The taller-growing sorts should be at the back, and the dwarfs near the front edge, to preserve the symmetry. After planting, give the whole surface of the bed either a slight dressing with coarse manure or leaves, after cutting down all the unsightly old stems.
Hake the lawn carefully over after the leaves have ceased to fall, and apply a dressing of short, well-rotted manure, to be followed with a coat of ground plaster next J spring; and if you do not have an extra richness to the turf, then charge us with being false prophets. A coat of ground bones is also to be recommended highly. Some people do not like to cut their grass very late in the season; preferring to allow it to rot down on the surface and protect the roots. Others, again, say cut it off and let it lay, as it will protect as well in one instance as the other. Doubtless it will; but we fear the cutting late in the autumn has a tendency to hurt all vegetation.
Gravel walks and drives should receive some attention before they become sticky and soft. The edges must be neatly trimmed, and all holes or depressions carefully leveled up, and thoroughly rolled hard. Coal ashes and coarse cinders make as firm a walk as anything else; and, when once firm and well packed, they remain so for years. It is perfect nonsense to expect to have a hard road without a deep bed of broken stones; and yet some people try to delude themselves into forming such, under the fallacy of economy. This is poor economy indeed.
And as soon as winter is upon us, with all its severity, then the real value of evergreens is fully apparent. As we sit by the side of a very warm fire, and look out over the lawn, these green reminders of summer days appear doubly valuable in our eyes. They are the one link that binds us to green trees and bright flowers, that for the present have passed away; but which will assuredly reappear with the advent of our feathered friends.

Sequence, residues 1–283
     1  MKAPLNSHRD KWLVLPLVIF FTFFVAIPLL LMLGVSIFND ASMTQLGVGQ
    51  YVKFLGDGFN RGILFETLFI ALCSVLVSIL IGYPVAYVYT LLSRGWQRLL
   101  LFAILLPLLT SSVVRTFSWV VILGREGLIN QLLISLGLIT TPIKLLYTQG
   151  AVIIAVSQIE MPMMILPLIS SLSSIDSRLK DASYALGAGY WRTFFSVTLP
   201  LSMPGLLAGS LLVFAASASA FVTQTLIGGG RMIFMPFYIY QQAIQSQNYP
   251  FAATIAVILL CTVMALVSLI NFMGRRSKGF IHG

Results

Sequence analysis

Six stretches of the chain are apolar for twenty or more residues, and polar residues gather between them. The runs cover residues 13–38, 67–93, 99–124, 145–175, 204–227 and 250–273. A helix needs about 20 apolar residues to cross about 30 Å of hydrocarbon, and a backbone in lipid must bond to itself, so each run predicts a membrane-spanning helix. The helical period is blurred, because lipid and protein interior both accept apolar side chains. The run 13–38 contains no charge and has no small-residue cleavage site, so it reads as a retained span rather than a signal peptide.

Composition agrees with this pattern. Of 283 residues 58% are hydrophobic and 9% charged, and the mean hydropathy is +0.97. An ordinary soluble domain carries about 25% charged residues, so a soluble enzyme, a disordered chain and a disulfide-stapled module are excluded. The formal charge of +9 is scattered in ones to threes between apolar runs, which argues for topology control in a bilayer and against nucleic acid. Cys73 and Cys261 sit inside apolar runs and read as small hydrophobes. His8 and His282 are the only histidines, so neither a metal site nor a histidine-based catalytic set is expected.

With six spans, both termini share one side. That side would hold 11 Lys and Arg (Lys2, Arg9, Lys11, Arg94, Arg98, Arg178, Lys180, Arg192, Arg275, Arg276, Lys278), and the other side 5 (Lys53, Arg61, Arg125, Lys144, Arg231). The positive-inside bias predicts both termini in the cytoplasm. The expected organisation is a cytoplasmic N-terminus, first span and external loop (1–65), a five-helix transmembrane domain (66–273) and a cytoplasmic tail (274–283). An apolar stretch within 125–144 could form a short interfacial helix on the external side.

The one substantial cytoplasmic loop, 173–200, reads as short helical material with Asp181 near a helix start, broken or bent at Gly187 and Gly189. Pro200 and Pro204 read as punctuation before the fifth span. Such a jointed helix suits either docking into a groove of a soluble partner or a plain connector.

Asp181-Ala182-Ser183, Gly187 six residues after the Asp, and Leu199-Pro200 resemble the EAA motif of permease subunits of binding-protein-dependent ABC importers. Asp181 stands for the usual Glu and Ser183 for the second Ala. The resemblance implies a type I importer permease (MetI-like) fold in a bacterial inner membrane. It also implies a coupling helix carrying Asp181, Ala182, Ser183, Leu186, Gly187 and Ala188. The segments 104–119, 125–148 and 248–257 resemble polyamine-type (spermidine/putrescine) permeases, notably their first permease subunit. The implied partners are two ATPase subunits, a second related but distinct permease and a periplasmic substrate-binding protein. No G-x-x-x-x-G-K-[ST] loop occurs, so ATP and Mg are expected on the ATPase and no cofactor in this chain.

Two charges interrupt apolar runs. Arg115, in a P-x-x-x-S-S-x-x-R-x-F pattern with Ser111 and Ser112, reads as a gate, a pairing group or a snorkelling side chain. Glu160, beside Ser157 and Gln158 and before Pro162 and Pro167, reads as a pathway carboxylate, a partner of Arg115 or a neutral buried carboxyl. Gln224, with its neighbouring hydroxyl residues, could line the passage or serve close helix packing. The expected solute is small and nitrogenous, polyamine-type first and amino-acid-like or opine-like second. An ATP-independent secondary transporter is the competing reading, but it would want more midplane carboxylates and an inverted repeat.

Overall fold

Winter has its uses, let grumblers say what they will; for at no other season have we more leisure, or can we better appreciate the necessities of our lawn than now. Suggestions of our friends, and ideas of our own, should have due weight in our plans for the future. A place is never completed, or else there are very many of us who would be unhappy indeed. A small change here, or a little addition there, will, in many instances, give a new and improved character to a place, that somehow did not appear quite the thing, although very beautiful.
There are dozens of insignificant articles that we know we shall require next season; and during the cold, stormy days of Winter is just the time to prepare them; for there is plenty to be done as soon as spring starts the vegetation. Stakes, labels, and other like assistants, close to one's hand, are of the greatest use when very busy.
Seeds should be collected, dried, and put away in a dry place; and cuttings of shrubbery may be made into suitable lengths, and buried to the topmost bud in the soil. Examine the hedge to see that no dead weeds or leaves have accumulated to entice the ground-mouse. See that no loosened twig of your favorite vine is flapping about in the wind. A minute or two devoted to this work may be rewarded by extra bloom in the future.